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 JCT  Vol.8 No.6 , June 2017
Inhibition of Neuroblastoma Cell Growth by Difluoromethylornithine (DFMO) and Bortezomib through Suppression of LIN28 and MYCN
Abstract: Neuroblastoma (NB) is the most common childhood cancer arising from the nervous system. Many high-risk neuroblastoma (HRNB) patients develop relapse after initial response to induction treatment and overall long term survival remains poor (less than 60%), emphasizing the need for new therapeutic approaches and more effective treatments. Combination therapies present a favorable approach to improve efficacy, decrease toxicity, and reduce development of drug resistance. Difluoromethylornithine (DFMO) has shown promise in recent clinical trials as a therapeutic agent in treating HRNB. Proteasomes are known to play an important role in tumor cell growth. Bortezomib was the first proteasome inhibitor shown to have anticancer activity clinically. In this study we explore the mechanistic and therapeutic effects of the novel drug combination of DFMO and bortezomib in NB. Cell proliferation studies demonstrated synergistic inhibition of NB cell growth. Bortezomib induced cleaved caspase-3 apoptotic pathway whereas DFMO induced a cytostatic effect on NB cells. Western blot analyses demonstrated down regulation of MYCN, LIN28 and NF-kB in response to DFMO and bortezomib, pathways that are important in cancer stem cells. A decrease in ATP-per-cell when treated with combination therapy suggests inhibition of glycolytic metabolism in NB cells. DFMO as a single agent or in combination with bortezomib significantly reduced tumor growth in xenograft mice. Given the lack of effective treatments, DFMO coupled with bortezomib offers a potential new therapeutic treatment for children with NB.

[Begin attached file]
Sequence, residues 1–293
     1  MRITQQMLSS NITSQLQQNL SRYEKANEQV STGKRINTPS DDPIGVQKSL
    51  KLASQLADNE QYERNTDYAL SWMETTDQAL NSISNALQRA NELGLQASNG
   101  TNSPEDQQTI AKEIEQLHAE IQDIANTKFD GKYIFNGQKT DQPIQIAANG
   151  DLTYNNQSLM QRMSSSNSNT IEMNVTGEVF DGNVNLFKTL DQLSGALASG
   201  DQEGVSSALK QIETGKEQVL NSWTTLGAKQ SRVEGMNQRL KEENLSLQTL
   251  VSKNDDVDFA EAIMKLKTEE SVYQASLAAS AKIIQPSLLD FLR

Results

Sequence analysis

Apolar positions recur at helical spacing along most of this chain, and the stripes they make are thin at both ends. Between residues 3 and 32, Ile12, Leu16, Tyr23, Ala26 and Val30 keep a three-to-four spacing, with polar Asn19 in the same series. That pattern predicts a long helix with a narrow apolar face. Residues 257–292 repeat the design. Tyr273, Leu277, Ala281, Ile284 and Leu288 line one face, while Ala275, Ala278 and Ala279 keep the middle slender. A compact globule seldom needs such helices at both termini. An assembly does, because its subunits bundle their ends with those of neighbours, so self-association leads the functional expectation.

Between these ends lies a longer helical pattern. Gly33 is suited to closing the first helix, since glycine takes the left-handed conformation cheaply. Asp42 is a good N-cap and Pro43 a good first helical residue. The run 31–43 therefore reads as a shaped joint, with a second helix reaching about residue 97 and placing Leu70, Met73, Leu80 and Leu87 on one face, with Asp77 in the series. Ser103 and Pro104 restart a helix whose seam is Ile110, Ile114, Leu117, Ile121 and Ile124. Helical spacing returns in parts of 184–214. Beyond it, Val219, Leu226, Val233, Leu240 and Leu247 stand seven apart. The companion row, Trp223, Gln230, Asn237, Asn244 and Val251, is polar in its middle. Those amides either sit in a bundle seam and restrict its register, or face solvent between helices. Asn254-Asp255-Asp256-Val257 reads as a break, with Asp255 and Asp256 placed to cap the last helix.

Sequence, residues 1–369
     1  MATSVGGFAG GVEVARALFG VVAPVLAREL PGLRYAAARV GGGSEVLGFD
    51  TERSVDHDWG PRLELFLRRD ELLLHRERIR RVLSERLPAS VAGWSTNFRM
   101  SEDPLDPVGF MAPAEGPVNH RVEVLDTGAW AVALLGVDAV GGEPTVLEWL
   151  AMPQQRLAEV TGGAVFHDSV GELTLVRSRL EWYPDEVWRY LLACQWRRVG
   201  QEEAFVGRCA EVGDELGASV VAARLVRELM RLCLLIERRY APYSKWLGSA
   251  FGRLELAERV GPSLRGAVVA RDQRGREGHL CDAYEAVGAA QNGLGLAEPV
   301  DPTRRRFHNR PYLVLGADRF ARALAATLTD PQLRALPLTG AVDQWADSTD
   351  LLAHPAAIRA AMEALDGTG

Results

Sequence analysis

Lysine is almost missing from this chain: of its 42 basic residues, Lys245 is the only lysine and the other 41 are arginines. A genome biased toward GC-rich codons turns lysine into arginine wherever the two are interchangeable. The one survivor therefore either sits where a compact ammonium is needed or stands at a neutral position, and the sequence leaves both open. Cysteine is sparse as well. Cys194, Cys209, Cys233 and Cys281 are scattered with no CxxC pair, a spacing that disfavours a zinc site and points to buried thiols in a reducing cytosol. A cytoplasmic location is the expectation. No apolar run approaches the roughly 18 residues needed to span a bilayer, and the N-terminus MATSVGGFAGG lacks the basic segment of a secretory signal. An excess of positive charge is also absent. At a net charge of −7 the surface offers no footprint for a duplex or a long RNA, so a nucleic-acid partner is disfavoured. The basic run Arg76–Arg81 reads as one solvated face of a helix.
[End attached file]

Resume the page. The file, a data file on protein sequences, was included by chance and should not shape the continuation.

1. Introduction

The most common extracranial solid pediatric tumor, neuroblastoma (NB), is a heterogeneous malignancy that develops throughout the sympathetic nervous system from neural crest stem cells, often in the adrenal glands [1] . Characteristically, NB is responsible for 8% - 10% of all cancer in children and 15% of pediatric cancer deaths, occurring most commonly in children between 0 and 4 years old [2] . More than 600 new cases of NB are diagnosed in children in the United States per year, of which, approximately 70% have metastatic disease [3] . Due to a high rate of tumor relapse, less than 60% of patients with high-risk disease reach long-term survival [4] [5] .

High incidence of metastatic disease and relapse in high-risk NB is hypothesized to be due to the presence of cancer stem cells (CSCs) that have capacity to self-renew and initiate new tumor formation [6] [7] [8] . The existence of CSCs has been widely identified and described in leukemia and several solid tumors including breast, brain, pancreatic, liver, skin, and colon [9] [10] [11] . In regards to NB, researchers have isolated CSCs from NB tumors [12] , providing further support for new therapeutic targets of CSCs in NB in order to improve prognosis and reduce the rate of tumor relapse. New studies have shown that LIN28 has profound effects on normal and malignant stem cells through the posttranscriptional downregulation of the microRNA Let-7 via a double negative feedback loop [13] [14] . LIN28 protein promotes stem cell self-renewal and is highly expressed during embryogenesis, while expression of the protein gradually diminishes and disappears by adulthood [15] . High levels of LIN28 were found in a sub-population of cells with CSC properties in many cancer types [16] . The role of LIN28 in stemness of CSC is further supported by the findings that forced expression of LIN28 promotes the expression of CSC markers as well as the self- renewal capability of CSCs, while knock-down has the opposite effect [17] [18] . Enhanced expression of LIN28 was also shown to induce resistance to chemotherapy-induced apoptosis [19] [20] . Neural crest stem cells, the cells in which NB originally develops, express high levels of LIN28B during embryonic development [1] . LIN28 overexpression in neural crest cells leads to NB formation in mice [21] . Overexpression of LIN28 and its homolog LIN28B are common in NB and correlate with poor outcomes [14] [21] . The LIN28/Let-7 axis further regulates glycolytic metabolism through the regulation of the NF-kB inflammatory loop. NF-kB inflammatory loop interacts with LIN28 protein via a positive feedback loop, where overexpression of NF-kB factors p50 and p65 increase LIN28 protein. Due to the important role of the LIN28/Let-7 axis in glycolytic metabolism as well as the importance of glycolytic metabolic activity for the assembly of ATP in CSCs, manipulating the LIN28 and Let-7 pathway in cancer cells may provide novel therapeutic opportunities in cancer.